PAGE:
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Performance in FC-Test

For this test two 32GB partitions are created on the disk and formatted in NTFS and then in FAT32. After that a file-set is created. It is then read from the disk, copied within the same partition and then copied into another partition. The time taken to perform these operations is measured and the speed of the disk is calculated. The Windows and Programs file-sets consist of a large number of small files whereas the other three patterns (ISO, MP3, and Install) include a few large files each.

We’d like to note that the copying test is indicative of the drive’s behavior under complex load. In fact, the HDD is working with two asynchronous threads (one for reading and one for writing) when copying files.

This test produces too much data, so we will only discuss the results achieved with the Install, ISO and Programs file-sets in NTFS. You can use the links below to view the full results:

Western Digital’s model wins this test, being the fastest drive to write every file-set. The Samsung might challenge the winner but its performance proved to depend heavily on the size of the processed files. It didn’t like the mixed set of large files from the Install pattern. The other drives are similar to each other with the exception of the Seagate which falls behind with large files.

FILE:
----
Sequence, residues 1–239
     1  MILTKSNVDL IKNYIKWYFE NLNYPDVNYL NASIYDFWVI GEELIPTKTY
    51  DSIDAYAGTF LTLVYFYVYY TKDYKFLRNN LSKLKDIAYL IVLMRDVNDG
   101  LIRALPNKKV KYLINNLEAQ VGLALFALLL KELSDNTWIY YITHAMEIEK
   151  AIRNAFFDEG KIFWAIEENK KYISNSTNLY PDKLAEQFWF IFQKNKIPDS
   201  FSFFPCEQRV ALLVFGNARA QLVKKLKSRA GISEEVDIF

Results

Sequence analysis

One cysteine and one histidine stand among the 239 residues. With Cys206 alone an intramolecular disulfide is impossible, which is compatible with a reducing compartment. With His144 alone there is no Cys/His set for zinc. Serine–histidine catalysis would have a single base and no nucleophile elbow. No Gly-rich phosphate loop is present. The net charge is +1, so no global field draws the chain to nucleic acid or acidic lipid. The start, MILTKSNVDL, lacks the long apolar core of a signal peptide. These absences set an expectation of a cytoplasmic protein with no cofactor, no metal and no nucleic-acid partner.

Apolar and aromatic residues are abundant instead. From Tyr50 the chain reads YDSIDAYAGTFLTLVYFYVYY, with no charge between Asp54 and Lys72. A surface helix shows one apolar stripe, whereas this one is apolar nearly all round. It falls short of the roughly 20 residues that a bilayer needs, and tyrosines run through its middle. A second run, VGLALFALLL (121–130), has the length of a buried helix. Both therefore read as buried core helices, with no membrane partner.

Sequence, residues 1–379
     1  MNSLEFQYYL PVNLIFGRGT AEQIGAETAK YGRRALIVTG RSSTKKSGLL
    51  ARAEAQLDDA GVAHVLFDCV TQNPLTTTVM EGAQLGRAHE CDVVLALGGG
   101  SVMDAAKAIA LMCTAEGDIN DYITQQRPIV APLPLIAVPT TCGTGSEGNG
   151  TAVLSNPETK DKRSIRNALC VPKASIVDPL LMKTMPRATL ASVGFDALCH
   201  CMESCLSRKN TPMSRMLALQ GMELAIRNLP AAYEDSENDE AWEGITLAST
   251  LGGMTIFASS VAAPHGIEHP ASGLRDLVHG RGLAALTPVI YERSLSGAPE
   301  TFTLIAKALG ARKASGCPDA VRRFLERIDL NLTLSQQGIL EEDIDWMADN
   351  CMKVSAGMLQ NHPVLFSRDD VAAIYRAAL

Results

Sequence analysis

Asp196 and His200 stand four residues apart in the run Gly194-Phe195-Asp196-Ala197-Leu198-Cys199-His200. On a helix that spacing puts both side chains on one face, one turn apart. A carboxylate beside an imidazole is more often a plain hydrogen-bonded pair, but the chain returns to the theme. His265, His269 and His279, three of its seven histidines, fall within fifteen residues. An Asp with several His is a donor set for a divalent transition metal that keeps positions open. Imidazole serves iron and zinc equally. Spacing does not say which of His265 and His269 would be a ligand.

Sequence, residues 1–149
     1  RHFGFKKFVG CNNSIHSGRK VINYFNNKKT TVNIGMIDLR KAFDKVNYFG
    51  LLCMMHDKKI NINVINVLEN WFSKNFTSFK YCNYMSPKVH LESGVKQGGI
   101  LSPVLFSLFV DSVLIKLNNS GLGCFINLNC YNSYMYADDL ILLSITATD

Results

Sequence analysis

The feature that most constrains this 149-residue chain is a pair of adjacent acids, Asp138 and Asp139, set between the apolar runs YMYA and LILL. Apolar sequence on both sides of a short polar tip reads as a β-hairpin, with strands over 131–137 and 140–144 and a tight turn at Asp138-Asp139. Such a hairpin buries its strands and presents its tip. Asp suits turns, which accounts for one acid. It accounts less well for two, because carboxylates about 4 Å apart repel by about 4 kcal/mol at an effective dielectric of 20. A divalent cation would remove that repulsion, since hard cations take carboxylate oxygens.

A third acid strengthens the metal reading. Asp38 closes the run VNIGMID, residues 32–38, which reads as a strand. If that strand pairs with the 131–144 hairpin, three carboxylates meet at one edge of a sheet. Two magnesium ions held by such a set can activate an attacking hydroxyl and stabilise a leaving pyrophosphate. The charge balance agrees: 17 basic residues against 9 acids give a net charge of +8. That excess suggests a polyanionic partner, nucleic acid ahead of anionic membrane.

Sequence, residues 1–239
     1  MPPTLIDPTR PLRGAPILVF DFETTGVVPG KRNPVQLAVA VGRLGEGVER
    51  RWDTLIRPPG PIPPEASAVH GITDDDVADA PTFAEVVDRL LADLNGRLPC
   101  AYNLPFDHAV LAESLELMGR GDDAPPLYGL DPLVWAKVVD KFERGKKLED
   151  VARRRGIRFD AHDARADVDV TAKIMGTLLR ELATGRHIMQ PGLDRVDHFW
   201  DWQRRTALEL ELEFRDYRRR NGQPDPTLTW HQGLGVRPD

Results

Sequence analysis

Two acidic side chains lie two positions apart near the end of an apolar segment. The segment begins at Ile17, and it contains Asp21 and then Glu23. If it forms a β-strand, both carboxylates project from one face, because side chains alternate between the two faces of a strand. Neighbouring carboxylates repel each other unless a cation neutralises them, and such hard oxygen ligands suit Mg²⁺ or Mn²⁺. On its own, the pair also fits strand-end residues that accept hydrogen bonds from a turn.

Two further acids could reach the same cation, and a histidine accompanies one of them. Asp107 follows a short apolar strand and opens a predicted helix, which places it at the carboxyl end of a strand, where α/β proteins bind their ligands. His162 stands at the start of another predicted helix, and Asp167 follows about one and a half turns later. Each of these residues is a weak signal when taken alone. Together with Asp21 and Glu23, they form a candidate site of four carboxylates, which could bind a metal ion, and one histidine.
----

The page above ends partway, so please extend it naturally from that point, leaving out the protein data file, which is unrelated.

The Samsung is in the lead when reading files. It now copes well with every file-set. The HDD from Western Digital looks good, too, handling small files very efficiently (it did not get to be the leader only because it didn’t win with large files). The Seagate is a disappointment: being very fast with larger files, it is the worst drive of all with small ones. The Hitachi is not fast, either.

The Samsung is the best copying files within the same partition. The HDD from Western Digital overtakes it in the Install pattern only, and by a negligible margin. The other HDDs go close to each other, excepting the Toshiba which is the slowest with every file-set and the Hitachi which is surprisingly fast at copying large files.

The standings do not change much when we increase the distance of copying. The HDD from Western Digital now wins with the smallest files whereas the Samsung is ahead with the other two file-sets. The Toshiba has left its last place to the Seagate. Both are very slow, though.

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